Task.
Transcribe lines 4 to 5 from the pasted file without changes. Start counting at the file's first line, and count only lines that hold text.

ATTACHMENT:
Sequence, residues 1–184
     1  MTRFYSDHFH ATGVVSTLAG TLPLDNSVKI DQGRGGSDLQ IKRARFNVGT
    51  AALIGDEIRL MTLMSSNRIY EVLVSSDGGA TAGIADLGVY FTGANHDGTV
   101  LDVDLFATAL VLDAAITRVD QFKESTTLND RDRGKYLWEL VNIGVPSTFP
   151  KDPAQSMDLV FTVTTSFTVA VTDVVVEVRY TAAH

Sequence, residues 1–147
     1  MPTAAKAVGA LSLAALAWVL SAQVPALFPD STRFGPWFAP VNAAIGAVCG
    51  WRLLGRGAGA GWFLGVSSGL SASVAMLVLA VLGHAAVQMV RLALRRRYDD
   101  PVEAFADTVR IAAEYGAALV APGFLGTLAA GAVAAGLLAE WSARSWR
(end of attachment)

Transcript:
   101  LDVDLFATAL VLDAAITRVD QFKESTTLND RDRGKYLWEL VNIGVPSTFP
   151  KDPAQSMDLV FTVTTSFTVA VTDVVVEVRY TAAH